At the risk of being unpopular, we bring you news from the cutting edge of science. Well, actually, from the staff of New Scientist, who took on the personal challenge of determining whether it was worthwhile taking a break from alcohol, or merely a way of making yourself miserable.
New Scientist claims to have “generated the first evidence that giving up alcohol for a month might actually be good for you, at least in the short term”.
So what exactly did they find?
Fourteen volunteers from the magazine agreed to take part, 10 abstained from alcohol for five weeks, as would someone who was doing Dry July or FebFast, four continued drinking as normal. All were considered “normal” level drinkers. A liver expert from the Institute for Liver and Digestive Health at University College, London Medical School, evaluated their health throughout the study.
The results were striking: during the course of the month, the non-drinkers’ liver fat decreased by 15 per cent, and their blood glucose fell by 16 per cent. There were no changes for those who continued drinking.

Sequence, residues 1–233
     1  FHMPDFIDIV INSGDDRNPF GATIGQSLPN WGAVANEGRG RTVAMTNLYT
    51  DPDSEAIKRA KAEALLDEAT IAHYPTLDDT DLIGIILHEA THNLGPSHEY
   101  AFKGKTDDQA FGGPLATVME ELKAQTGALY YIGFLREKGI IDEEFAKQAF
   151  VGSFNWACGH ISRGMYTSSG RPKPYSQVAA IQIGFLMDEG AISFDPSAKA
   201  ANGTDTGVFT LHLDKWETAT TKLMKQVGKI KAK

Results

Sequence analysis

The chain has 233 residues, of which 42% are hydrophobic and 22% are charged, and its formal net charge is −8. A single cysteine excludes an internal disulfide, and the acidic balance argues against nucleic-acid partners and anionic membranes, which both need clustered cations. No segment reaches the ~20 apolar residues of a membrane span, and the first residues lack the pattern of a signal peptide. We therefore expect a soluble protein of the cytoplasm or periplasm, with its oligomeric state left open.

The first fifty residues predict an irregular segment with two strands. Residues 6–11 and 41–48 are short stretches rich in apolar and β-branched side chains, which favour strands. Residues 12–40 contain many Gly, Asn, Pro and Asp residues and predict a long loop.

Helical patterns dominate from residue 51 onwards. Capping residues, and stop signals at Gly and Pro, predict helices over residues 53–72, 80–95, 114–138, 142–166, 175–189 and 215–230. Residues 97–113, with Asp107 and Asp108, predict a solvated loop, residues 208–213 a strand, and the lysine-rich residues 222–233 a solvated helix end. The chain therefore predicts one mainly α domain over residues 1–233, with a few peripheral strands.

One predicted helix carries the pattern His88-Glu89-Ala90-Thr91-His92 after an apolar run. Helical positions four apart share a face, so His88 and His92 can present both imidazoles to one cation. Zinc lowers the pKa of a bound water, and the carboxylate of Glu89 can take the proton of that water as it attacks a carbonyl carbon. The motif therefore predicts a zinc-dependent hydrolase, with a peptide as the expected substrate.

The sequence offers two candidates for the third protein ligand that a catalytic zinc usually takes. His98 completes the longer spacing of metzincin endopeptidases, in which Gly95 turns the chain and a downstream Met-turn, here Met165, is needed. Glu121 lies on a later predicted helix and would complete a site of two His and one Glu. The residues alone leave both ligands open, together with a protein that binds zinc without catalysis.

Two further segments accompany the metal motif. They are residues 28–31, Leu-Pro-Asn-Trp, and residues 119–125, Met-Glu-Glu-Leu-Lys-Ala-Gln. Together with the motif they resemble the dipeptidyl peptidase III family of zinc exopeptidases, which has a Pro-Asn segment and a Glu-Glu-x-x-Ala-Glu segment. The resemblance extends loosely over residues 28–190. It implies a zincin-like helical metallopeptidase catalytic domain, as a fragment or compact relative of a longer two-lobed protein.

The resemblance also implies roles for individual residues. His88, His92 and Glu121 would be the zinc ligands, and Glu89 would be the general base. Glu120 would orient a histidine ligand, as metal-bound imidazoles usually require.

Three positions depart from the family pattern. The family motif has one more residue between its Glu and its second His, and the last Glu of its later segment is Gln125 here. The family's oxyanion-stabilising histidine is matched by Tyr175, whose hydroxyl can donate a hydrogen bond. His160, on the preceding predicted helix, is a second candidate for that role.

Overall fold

Liver disease affects more than 2 million Australians and is now the most rapidly increasing health condition worldwide, according to the PA Research Foundation.
The Institute’s Rajiv Jalan said the reduction in liver fat was highly significant, because fat accumulation on the liver is a known prelude to liver damage.
“This transition is the harbinger first for temporary scarring called fibrosis and ultimately a non-reversible type of scarring that destroys liver structure, called cirrhosis,” he said.
Participants also lost an average of 1.5 kilograms of weight and reported improved sleep. Blood cholesterol dropped by almost 5 per cent. The only negative was that people reported less social contact, New Scientist reports.
Most of the studies on alcohol and health involve patients with chronic liver conditions, it’s believed this is the first study into the the difference alcohol makes on healthy livers. Whether the benefits are seen or continued after 15 days or 50 will need to be the subject of further studies.